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Meth is a neurotoxin.
Maybe that thought scares you. Or maybe you’re wondering how bad meth actually is for your brain—and if the damage is reversible once you decide to stop someday.
Let’s take a closer look at the type of damage meth can do to the brain.
Meth Effects on the Brain You Need to Know
The first risk, of course, is addiction. Over time, meth changes the brain so that nothing else holds any appeal anymore except for meth. As that happens, your world shrinks—and begins to revolve almost exclusively around your meth addiction.
In addition to the risk of addiction, meth use can change the brain in the following ways, according to the National Institute on Drug Abuse:
• It can cause psychosis, including paranoia and hallucinations.
• It can cause a deficit in thinking and motor skills.
• It can cause memory loss and increased distractibility.
• It can cause aggressive or violent behavior.
• It can cause mood disturbances.
Is Meth’s Effect on the Brain Reversible?
The answer is yes and no.
Some of the neurobiological effects of chronic methamphetamine abuse appear to be at least partially reversible, according to the National Institute on Drug Abuse. But functions in some parts of the brain do not appear to recover even after 14 months of abstinence.
The extent of the damage depends on how long you’ve used, how often you use and how much meth you typically use.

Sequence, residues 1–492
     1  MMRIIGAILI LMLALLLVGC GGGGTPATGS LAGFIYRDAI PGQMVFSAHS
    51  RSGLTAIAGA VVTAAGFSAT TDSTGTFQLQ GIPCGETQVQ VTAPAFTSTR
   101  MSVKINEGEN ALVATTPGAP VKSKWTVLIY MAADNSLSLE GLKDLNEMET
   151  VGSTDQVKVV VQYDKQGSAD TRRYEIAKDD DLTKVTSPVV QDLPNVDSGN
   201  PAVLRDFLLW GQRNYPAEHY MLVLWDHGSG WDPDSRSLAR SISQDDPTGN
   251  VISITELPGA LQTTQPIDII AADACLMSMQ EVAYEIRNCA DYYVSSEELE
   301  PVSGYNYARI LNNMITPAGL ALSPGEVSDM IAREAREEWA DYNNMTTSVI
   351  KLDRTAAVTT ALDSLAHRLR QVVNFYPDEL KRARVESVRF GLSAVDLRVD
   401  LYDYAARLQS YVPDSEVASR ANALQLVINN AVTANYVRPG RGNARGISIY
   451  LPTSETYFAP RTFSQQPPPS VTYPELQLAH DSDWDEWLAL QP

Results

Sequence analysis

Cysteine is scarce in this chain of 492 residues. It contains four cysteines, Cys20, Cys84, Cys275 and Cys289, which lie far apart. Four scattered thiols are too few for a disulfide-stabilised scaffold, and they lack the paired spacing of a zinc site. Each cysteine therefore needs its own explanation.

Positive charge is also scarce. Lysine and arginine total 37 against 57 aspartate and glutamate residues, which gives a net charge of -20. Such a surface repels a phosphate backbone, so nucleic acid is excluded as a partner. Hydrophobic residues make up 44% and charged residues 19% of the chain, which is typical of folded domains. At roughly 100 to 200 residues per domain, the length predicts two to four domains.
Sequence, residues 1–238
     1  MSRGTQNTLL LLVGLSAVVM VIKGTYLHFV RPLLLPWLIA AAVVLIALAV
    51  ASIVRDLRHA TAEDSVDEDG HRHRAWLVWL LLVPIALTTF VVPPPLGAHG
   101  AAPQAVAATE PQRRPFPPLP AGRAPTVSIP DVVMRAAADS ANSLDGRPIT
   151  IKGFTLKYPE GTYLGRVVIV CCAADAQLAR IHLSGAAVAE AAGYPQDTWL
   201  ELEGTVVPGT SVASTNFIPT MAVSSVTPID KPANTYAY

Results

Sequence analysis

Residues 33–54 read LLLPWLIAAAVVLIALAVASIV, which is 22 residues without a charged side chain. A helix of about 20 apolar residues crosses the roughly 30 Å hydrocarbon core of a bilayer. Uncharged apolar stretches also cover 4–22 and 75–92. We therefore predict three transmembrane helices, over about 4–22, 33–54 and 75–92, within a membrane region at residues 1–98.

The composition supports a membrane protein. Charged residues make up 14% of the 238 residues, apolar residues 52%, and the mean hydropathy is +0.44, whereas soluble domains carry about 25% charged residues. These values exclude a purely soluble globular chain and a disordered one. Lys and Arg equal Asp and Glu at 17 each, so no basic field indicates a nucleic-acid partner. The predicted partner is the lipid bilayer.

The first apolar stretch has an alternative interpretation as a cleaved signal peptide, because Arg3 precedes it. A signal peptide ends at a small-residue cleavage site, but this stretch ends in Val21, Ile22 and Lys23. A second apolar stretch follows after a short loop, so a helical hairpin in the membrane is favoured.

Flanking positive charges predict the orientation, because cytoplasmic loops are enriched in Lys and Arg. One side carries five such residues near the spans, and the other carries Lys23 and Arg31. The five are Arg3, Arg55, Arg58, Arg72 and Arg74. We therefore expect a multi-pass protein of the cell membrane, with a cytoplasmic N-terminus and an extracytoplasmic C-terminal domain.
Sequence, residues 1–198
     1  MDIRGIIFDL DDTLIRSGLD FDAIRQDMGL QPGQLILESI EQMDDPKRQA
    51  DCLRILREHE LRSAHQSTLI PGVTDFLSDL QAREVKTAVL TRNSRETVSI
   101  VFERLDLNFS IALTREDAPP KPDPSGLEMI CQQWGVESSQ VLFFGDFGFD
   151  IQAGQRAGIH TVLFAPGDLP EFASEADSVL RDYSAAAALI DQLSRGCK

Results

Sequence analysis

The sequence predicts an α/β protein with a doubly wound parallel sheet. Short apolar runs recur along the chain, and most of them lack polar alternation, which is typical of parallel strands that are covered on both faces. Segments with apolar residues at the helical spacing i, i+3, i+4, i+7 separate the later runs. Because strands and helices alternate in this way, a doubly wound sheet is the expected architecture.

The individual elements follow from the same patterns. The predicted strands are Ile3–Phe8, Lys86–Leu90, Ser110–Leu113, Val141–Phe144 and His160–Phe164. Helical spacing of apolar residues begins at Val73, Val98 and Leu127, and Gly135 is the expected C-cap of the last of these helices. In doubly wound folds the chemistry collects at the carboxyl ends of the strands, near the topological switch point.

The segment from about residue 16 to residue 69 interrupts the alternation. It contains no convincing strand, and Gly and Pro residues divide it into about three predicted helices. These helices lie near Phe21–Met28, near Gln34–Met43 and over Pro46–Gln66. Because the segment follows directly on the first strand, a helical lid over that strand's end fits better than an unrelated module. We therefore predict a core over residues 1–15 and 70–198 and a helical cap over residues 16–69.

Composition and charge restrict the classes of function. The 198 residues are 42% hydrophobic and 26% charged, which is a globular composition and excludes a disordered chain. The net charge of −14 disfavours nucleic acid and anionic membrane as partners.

There is, however, one thing we can guarantee you. Both your body and brain will be better without meth. Your mood will stabilize. You will feel happier and experience less anxiety. You will have fewer nightmares and be able to focus better.
So do you choose the path that continues to harm your brain—or do you decide to get help?
Getting Better at The Raleigh House
That’s a lot of bad news and, if you use meth, you’re right to be scared.
But the good news is that you can get your life—and your health—back. At The Raleigh House, we know that it isn’t enough to just keep you off of drugs for a few months. Rather, we work with you to make sure that true healing occurs. In fact, everyone who walks through our doors is assigned their own master’s level therapist who will work with you to come up with a plan for during rehab—and for when you get out of rehab. Fill out our form or contact us today to learn more about the meth addiction treatment program at The Raleigh House.